TORONTO: Skaters in Toronto will soon be able to glide along a new ice track running under a busy elevated highway as the city opens its latest winter attraction this weekend.
The Bentway Skate Trail, a 220 metre ribbon of ice, runs in a rough figure-eight around several massive concrete pillars, or “bents” _ supporting the Gardiner Expressway. The trail, which opens to the public Saturday, is part of a larger project. The Bentway, that seeks to make better use of the space under the key artery leading into the city core.
“The city is getting very dense in terms of its population, which is a great thing for Toronto, but we also recognize that people need a new kind of backyard, a new kind of place to hang out and do stuff with friends and family,” said Julian Sleath, CEO of the non-profit Bentway Conservancy, which operates the site.
“We hope that, in the days to come and the years ahead, the Bentway becomes a very public space for everyone to enjoy.”
For the rest of the winter, the Bentway will be a hub not only for skating, but for community programs. DJ performances, free skate rentals, free skating lessons, and programs to teach kids to use DJ turntables will all take place on a regular basis.
“We think it’s really important for public space to be embraced by everyone and to make it as free and accessible as we can,” said Sleath.
About one kilometre of sub-Gardiner space is slated to be open to the public by mid-to-late summer 2018, featuring pedestrian and cycling trails, open-air gallery and performance spaces, landscaped greenery and more.
“We’re still talking and developing and consulting,” Sleath said. “I think it’s really important to work with the local community and neighbourhoods to determine what they want with this space … We’re talking to a number of organizations about pop-up summer classes and activities but we also want to talk about long-term interest in this area.”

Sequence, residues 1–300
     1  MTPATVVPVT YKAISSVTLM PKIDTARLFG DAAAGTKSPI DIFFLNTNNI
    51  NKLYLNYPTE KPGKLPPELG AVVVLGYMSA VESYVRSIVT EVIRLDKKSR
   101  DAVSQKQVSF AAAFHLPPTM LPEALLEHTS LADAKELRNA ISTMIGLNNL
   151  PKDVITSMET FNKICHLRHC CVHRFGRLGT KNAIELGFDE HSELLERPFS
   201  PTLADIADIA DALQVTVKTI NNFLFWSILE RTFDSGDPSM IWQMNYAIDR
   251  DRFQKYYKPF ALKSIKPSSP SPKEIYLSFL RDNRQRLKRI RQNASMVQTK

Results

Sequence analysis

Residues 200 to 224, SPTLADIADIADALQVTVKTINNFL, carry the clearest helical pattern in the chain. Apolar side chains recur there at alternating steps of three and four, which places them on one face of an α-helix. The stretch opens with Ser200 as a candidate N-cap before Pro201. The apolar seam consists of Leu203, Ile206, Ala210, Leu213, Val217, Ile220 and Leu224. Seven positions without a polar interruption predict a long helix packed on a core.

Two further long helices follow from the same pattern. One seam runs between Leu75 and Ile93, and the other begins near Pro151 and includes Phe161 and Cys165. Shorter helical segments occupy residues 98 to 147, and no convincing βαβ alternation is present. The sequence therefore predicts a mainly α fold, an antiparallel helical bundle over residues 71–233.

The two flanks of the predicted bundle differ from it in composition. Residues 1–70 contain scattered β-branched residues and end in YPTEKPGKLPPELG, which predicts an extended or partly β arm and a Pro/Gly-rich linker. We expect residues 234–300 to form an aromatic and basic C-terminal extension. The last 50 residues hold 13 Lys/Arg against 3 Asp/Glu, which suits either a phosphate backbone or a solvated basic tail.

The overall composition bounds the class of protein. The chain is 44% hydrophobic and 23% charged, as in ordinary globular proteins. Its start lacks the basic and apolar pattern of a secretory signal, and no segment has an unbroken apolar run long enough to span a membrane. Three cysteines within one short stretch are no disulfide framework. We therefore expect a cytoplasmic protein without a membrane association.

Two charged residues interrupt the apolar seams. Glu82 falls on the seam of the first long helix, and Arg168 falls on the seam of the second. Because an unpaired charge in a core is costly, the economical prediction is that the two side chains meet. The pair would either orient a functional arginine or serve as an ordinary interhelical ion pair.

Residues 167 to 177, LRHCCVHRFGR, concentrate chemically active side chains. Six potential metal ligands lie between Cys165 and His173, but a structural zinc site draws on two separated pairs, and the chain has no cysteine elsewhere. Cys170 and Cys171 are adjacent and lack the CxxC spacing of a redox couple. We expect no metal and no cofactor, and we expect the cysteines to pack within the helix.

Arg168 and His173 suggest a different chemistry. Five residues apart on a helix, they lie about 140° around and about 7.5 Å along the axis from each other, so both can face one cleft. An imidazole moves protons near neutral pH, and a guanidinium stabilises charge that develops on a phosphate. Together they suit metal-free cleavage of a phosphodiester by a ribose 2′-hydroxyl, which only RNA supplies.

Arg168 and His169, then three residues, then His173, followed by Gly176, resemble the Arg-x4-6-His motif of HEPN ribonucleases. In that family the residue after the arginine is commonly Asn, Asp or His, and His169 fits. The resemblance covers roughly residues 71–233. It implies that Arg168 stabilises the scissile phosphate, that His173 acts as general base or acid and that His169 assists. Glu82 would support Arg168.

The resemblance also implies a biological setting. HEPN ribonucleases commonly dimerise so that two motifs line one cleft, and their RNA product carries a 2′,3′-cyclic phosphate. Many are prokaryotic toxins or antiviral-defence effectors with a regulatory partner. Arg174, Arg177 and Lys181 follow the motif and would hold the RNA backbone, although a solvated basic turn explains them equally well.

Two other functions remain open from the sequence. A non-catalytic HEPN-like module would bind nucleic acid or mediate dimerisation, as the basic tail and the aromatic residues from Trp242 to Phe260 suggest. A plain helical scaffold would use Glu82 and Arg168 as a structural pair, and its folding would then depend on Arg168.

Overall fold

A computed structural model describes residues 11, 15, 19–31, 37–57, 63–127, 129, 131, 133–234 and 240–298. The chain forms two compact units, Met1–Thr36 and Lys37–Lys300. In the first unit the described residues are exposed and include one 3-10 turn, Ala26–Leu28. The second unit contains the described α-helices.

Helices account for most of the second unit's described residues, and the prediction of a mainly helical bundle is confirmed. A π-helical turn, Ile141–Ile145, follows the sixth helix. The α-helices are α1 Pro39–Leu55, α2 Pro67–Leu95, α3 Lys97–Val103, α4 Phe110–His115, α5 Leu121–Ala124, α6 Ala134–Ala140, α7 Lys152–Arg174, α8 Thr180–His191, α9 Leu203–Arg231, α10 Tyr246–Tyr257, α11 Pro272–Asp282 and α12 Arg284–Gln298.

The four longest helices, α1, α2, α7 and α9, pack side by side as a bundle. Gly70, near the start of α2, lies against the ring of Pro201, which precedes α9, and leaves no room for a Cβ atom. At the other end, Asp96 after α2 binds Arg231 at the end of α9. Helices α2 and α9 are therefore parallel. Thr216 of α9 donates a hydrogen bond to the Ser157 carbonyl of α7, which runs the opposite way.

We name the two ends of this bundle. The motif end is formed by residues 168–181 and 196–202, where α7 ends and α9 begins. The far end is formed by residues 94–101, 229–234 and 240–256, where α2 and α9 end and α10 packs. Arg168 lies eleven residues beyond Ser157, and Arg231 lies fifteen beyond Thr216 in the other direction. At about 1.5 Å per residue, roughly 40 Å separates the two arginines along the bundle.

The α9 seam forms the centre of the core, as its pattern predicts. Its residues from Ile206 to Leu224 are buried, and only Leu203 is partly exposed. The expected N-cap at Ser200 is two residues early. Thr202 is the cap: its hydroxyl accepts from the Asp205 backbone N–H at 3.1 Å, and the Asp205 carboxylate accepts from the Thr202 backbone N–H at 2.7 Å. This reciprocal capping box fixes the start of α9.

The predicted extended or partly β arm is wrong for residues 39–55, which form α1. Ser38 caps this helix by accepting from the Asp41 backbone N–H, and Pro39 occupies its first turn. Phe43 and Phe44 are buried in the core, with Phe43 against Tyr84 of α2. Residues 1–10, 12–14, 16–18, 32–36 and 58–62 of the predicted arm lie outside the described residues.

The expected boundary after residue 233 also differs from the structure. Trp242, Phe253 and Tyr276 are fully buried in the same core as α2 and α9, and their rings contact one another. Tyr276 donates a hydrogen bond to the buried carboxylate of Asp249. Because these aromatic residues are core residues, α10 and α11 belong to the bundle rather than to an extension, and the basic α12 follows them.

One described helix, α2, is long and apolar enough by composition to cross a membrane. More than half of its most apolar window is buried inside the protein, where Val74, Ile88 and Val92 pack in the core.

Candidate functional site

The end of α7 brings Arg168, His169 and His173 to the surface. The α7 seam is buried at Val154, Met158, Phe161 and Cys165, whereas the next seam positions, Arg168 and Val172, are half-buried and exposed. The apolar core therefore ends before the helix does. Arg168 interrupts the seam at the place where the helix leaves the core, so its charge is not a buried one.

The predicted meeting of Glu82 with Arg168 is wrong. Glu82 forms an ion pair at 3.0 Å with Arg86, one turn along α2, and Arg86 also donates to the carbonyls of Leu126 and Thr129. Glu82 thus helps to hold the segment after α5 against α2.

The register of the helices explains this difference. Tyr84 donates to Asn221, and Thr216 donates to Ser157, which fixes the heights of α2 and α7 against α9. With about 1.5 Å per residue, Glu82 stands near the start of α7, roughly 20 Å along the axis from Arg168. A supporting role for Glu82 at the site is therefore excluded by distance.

Eventually, the Bentway will span 1.75 kilometres, from Spadina Avenue to Strachan Avenue, becoming part of a loose network of parks stretching from the city’s Trinity Bellwoods Park, to the former Ontario Place site on the waterfront.
“It (will be) a way to move through the city in different ways, so you’re not stuck on major thoroughfares with a lot of traffic and noise,” said Dave Harvey, executive director of Park People, an organization that works with community groups to improve urban parks.
“You don’t have to be in some huge central park space. Just by getting off the street a little bit, with a little bit of greenery and a little bit of space around you, studies show that it really helps not just physical health but mental health.”
The Bentway plan got startup funding in the form of a $25 million donation from urban planner and philanthropist Judy Matthews and her husband, Wilmot Matthews.
The public agency Waterfront Toronto is managing the construction project, while the Bentway Conservancy picks programming for the space.
“I think there’s just this new attitude in Toronto of how can we make interesting things happen in our public spaces (by) all working together,” Harvey said. “It’s not just the city doing it, it’s people working constructively together to support the city and partner with the city.”
Toronto’s mayor called the project a joint effort.
“We got (the Bentway) done thanks to the teamwork of a lot of city officials but, even more importantly, some of the visionaries, all the people who did the hard work, the designers,” Tory said while surveying the new trail on Friday.
“The fact that we’re here two years after this was talked about is a dream, and a testament to what can get done.”
By Peter Goffin, The Canadian Press